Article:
Busch Gardens opened in 1959, with a beer garden, a brewery tour and four parrots. The brewery was located on a plot of land that would later be home to the wooden roller coaster Gwazi, and its tours were accessed via a shockingly steep ‘Stairway to the Stars’ outdoor escalator. Although there was little else to amuse visitors, the entire experience—including the beer—was free. It was, in essence, a giant interactive advertisement for Anheuser-Busch. And it worked. In its first year alone, more than 350,000 people dropped by to sample the brewery’s product and learn about the beer-making process.
More birds and animals were quickly added, a geodesic dome arrived in 1960 and became Busch Gardens’ first free-flight aviary, and “sections” developed, with names that included Land of Dragons and Dwarf Village (yes, there were gnomes).
In 1965 a novel, 29-acre Serengeti Plain attraction made its debut, allowing guests to view free-roaming animals, first from a distance and then from within the safety of a suspended, open-air “monorail” that launched from what is now the Cheetah Hunt building, made a circuit within the animal habitat, and returned to the launch building after a short jaunt outside the park, past the tram stop and car park. It then expanded to cover 70 acres and remains a highlight experience.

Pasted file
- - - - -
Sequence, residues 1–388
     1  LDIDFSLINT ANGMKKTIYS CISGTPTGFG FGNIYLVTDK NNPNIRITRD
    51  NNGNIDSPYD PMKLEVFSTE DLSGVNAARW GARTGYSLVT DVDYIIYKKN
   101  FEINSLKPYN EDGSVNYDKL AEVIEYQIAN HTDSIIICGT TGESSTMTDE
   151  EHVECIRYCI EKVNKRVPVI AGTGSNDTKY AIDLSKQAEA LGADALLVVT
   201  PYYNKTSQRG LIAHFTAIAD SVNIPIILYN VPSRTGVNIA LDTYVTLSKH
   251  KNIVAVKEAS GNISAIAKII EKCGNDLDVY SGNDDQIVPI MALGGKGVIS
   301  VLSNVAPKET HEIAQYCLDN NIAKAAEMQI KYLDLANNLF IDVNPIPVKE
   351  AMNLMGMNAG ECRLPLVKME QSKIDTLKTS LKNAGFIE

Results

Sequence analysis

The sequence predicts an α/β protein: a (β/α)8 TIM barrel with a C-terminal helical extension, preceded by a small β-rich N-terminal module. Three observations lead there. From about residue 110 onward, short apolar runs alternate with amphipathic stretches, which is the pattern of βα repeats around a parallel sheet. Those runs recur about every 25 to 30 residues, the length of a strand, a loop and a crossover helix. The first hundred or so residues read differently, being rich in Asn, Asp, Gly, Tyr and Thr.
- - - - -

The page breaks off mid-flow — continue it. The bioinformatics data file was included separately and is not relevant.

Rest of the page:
But this was Florida, and even in the 1960s guests didn’t love the heat, humidity and rain, so the monorail was enclosed, creating the inevitable problems with air conditioning in small, heavily used spaces whose doors open at regular intervals. The monorail would run for 33 years, but eventually was removed in favour of the Serengeti Express Railroad, opened in 1971, and the iconic Skyride, introduced in 1974. All offered a view of the Serengeti Plain.
Serengeti Plain is still the proper name of the enclosure, but, with the removal of the monorail system and the addition of off-road trucks that take guests out to the plain to view the animals and hand-feed the giraffes, this long-standing animal attraction may be best known for its Serengeti Safari tours.
Guests couldn’t be expected to spend more than an hour or so without nourishment, but, in 1964, fast food was still a relative novelty. Instead, fine dining at the Old Swiss House fit the bill for the next 20 years. It closed for several years, then reopened in 1990 as the Crown Colony House, which is still drawing guests today as the Serengeti Overlook.
In response to the serious competition that opened in Orlando in 1971, Busch Gardens began its evolution into a thrill ride park with the opening of the Stanley Falls Flume water ride in 1973. More shows and animal exhibits were added, and in 1976 the park changed its name to Busch Gardens: The Dark Continent (which was later amended to Busch Gardens Africa), and the Python steel roller coaster arrived, with its double corkscrew design that blew the minds of guests who had hitherto only experienced the ups and downs of traditional wooden coasters. Python closed in 2006, and in 2008 the Jungala attractions took its place.
In 1980, the roller coaster industry was creating larger, more intense, and more unusual coasters than ever before, and during the decade’s first year the Scorpion roller coaster became the park’s second mega-thrill ride, with a unique lap bar design that was, and remains, uncommon for a vertical loop coaster.